BMW X5 plugs into normality
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Before we all drive EV's, a few technological and societal stepping stones need to beput in place. The BMW X5 xdrive40e is on the right track.
On the surface, the BMW X5 xDrive40e doesn't look much like a plug-in hybrid. That, of course, is its strongest asset.
Sure, the groundswell of interest in Tesla means a lot of people now want their electric vehicle (EV) and even their plug-in hybrid electric vehicle (PHEV) to at least look Tesla-ish, if not actually be one.
But the key to wider market impact will be an unfussy sense of normality.
With EVs and PHEVs set to reach price parity with upper-range petrol and diesel models in the next four years, the main barrier to ownership will be lessened.
But the mainstream buyer still needs to be convinced the EV or PHEV they're told they need behaves exactly like the car they bought five years ago, only better.
Part of that normality is also entrenched in an effective network of fast-charge points scattered liberally throughout the national highway system.
This is a chicken-and-egg situation where the chickens are evolving and the eggs are being genetically modified in equal measure.
But this aspect of PHEV/EV ownership -- using one efficiently to travel beyond the bounds of the urban shopping and commuter route in a timely fashion - remains far from normal.
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For the mainstream new car buyer to adopt the idea of an electric vehicle as an everyday go-anywhere car, models like the plug-in X5 are important additions.
The BMW isn't the first of its kind. Mitsubishi's Outlander PHEV broke that particular mould some years ago and continues to be a popular choice.
While Toyota continues to put its eggs in the petrol-hybrid basket and Nissan New Zealand has deleted the genre-defining Leaf from the local model mix, it's the Euro brands that are now leading the charge. Pun intended.
In addition to the X5, BMW also sells a plug-in 3 Series and a plug-in 7 Series executive sedan, as well as its iPerformance machines; the i3 city car and i8 hybrid sports car.
Arch-rivals Mercedes-Benz and Audi have their own growing fleets of PHEVs, while Volvo can't get its hands on enough T8 PHEV versions of the XC90 SUV.
Renault has cut to the chase, pushing pure electric vehicles to New Zealand's small but determined Francophile audience.
With the exception of BMW's iPerformance cars, all these models look exactly like their conventionally powered siblings, aside from an extra fuel flap ahead of the front passenger door where you plug it in to recharge.
The X5 xDrive40e looks like an X5. When you sit in it, it has all the sober cabin ambience and space you would associate with an X5.
It drives like an X5, right down to its xDrive all-wheel-drive rough road abilities.
It performs as you would expect on the open road, fits all manner of shopping and sports gear in the back and carries five in the comfort a normal SUV affords.
It doesn't even shout about being the plug-in version with myriad badges.
The X5's biggest competitor would have to be the Volvo XC90 T8, which is of similar proportions, about $15,000 cheaper and offers more power.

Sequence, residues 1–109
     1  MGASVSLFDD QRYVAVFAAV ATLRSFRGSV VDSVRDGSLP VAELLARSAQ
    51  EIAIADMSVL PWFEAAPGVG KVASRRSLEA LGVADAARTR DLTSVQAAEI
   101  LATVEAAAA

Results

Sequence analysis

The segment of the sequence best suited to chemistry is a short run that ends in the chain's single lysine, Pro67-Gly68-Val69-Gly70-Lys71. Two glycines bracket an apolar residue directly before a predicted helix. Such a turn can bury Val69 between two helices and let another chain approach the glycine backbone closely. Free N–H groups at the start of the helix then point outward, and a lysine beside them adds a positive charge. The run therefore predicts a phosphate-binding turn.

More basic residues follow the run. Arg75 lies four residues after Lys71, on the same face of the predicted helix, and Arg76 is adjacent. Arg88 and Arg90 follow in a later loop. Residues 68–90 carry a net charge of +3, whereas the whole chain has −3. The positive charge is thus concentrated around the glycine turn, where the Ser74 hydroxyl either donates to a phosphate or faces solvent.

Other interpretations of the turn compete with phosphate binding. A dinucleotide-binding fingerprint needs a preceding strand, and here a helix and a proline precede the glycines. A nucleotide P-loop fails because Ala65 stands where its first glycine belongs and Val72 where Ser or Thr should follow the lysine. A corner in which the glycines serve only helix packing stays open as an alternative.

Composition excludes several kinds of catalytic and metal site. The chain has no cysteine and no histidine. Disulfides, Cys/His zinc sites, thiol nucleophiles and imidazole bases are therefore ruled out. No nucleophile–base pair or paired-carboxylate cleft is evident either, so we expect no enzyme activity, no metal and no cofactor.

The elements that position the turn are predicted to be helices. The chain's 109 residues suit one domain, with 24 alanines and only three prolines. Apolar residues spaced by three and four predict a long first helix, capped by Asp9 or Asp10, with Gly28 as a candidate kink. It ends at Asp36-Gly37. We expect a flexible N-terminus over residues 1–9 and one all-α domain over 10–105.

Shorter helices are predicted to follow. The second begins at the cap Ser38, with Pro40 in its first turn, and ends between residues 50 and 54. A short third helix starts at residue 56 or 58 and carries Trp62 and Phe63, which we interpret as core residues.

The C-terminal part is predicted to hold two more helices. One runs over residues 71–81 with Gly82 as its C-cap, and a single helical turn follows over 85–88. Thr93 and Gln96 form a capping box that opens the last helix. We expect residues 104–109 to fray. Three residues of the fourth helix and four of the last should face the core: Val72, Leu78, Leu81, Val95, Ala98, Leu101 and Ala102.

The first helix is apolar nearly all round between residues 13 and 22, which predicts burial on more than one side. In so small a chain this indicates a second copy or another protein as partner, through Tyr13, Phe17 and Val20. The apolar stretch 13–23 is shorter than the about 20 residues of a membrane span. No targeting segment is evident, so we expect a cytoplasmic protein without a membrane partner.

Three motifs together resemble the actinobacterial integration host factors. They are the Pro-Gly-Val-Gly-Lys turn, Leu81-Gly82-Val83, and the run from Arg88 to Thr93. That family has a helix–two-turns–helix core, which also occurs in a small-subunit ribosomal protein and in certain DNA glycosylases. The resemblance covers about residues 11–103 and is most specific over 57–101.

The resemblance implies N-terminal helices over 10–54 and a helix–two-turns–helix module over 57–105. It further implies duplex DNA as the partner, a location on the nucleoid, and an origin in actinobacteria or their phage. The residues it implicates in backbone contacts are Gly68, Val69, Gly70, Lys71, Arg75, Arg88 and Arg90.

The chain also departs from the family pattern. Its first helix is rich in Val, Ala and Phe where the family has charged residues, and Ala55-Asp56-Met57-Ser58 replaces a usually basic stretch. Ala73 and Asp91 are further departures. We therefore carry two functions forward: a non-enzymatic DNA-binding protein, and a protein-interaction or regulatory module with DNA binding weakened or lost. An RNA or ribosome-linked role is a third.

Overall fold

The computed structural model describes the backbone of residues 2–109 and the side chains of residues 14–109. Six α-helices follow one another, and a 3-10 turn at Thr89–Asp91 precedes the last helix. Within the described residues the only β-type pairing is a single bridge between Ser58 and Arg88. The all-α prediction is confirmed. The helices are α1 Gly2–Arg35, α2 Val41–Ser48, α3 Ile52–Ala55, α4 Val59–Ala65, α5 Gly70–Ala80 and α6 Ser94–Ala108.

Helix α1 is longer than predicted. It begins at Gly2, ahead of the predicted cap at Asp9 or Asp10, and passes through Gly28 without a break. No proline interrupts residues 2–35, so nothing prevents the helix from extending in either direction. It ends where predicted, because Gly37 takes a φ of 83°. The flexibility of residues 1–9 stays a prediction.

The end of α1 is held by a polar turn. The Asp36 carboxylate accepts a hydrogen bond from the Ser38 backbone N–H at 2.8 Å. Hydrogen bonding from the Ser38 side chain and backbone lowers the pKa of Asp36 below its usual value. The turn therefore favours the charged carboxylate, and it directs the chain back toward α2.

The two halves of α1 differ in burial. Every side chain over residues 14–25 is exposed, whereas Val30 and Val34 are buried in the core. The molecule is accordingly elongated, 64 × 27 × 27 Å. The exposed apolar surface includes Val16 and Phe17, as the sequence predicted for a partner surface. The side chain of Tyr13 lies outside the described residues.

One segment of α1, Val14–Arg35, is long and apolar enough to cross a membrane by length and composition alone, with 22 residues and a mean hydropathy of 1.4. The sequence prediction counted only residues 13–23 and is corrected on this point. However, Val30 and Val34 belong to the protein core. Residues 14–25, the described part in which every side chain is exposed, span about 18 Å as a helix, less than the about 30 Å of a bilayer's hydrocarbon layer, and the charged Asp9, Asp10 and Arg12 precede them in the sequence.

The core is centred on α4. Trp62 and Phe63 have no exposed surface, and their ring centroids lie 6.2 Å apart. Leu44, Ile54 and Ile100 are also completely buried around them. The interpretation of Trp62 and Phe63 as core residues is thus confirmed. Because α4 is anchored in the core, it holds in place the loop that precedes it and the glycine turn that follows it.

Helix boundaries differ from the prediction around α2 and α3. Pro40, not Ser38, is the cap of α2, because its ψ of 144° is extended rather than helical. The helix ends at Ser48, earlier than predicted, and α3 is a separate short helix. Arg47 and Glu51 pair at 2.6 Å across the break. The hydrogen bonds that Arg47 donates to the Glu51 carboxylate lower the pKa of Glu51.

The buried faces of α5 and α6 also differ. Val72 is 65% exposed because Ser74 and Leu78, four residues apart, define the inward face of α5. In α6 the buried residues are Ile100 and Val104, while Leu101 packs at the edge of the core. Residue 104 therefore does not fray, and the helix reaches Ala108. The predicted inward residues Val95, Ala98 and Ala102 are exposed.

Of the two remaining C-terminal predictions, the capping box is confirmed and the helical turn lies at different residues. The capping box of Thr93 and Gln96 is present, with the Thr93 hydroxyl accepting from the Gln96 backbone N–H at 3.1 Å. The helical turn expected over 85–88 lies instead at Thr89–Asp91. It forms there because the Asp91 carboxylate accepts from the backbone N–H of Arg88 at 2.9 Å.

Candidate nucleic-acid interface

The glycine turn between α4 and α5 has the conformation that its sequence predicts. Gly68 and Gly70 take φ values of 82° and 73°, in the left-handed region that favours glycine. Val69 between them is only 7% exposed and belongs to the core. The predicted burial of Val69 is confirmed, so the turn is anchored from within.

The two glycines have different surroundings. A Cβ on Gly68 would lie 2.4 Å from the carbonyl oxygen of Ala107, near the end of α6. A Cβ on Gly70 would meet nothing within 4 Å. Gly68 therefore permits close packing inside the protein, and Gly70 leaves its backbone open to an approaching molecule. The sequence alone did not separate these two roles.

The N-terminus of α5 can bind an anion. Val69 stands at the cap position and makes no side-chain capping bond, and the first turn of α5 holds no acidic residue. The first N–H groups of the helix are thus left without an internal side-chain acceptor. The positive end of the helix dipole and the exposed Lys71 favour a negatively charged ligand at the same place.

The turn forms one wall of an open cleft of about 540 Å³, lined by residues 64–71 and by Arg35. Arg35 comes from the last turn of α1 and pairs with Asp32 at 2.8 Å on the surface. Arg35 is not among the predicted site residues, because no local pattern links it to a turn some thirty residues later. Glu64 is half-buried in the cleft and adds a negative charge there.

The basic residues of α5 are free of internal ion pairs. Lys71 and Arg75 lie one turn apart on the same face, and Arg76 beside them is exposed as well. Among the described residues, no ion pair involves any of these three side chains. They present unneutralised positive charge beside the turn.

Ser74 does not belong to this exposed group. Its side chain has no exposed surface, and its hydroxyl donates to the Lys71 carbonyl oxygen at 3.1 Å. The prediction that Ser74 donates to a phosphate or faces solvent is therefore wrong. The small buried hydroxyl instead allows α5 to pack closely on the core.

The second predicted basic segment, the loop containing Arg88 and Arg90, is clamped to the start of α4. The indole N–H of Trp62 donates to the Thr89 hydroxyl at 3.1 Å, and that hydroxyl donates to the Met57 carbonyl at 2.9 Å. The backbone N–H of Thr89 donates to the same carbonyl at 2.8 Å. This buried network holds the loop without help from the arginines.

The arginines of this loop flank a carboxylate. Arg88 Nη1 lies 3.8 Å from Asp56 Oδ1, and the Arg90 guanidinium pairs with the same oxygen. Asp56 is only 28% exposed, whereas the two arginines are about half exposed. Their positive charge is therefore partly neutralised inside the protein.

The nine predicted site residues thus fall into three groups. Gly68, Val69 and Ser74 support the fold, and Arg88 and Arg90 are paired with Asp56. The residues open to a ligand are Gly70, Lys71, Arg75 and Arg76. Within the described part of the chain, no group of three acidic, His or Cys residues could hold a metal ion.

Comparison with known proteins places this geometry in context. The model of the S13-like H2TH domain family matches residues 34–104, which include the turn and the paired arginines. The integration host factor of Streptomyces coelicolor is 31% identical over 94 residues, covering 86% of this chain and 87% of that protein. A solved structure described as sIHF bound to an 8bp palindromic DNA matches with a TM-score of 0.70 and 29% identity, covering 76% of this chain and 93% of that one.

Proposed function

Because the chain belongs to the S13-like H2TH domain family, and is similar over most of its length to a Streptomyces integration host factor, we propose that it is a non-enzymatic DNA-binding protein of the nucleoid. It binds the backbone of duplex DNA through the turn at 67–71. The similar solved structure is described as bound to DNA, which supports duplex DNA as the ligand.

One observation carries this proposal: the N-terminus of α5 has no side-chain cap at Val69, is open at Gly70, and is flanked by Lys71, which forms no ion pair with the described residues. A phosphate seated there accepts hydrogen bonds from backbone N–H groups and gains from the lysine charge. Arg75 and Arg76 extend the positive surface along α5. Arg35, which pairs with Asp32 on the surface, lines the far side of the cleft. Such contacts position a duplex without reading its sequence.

It has a Scandi-chic interior that shames the X5 into submission.
Although, with an electric-only range of 22km, the Volvo is hardly a weapon with which to tackle the back roads in wafty, efficient, electric silence.
Then again, the BMW only improves on the XC90's fuel-free-driving score by a scant 8km.
A combination of regenerative braking and coasting at open road speed should top the battery up, although plugging the car into a conventional socket in your garage overnight is the surest way to retain a meaningful charge.
The Mitsubishi Outlander PHEV boasts an electric-only driving range of 50km and costs $60,000, making it a compelling alternative.
But then, would the same buyer be in the market for either the Mitsubishi or the BMW? I might be generalising, but I think not.
Inadvertently BMW's own turbo diesel X5 xDrive30d acts as another competitor for the 40e.
It's nearly $20,000 cheaper, offers up more torque (560Nm versus 450Nm) and boasts a slightly deeper boot, what with its distinct lack of a 100kg battery pack pushing the cargo floor up.
But with the diesel comes road user charges, the plug-in hybrid is faster off the line thanks to the instant torque of its electric motor and it also emits far fewer toxins; 78g/100km versus 156g/100km for the diesel.
BMW has done well with the price on this new plug-in hybrid electric option. Besides the electro-tech, $149,900 gets you a lot of car. It's still an X5 remember, so it comes packed with the premium feature-set you would expect of a German SUV.
The marketing bumpf for the X5 xDrive40e suggests a combined fuel economy figure of 3.4 litres/100km, which is sensational.
It would be even better if it was achievable.
That's not to say it isn't, but outside of a test track environment, real-world driving is never going to get you close.
A spec sheet comparison would suggest the turbo diesel X5 xDrive30d is the more efficient car, with a combined fuel economy figure of 5.9 litres/100km.
But then, is that a real-world score, too? No, it's not. Still, numbers in columns aside, this all adds up to the start of something.
The performance of the EV and PHEV models we'll be seeing here over the next two to three years will improve exponentially, as will our ability to recharge on the go in convenience and with reasonable rapidity.
The BMW X5 xDrive40e is still an early-adopters' conveyance.
But cars like it soon won't be.
And that's exciting.
BMW X5 XDRIVE40E
ENGINE:2.0-litre four-cylinder turbo petrol (combined total power/torque of 180kW/450Nm)
Pro: A 'normal 'plug-in hybrid, X5 fit and finish
Con: Electric-only range not that impressive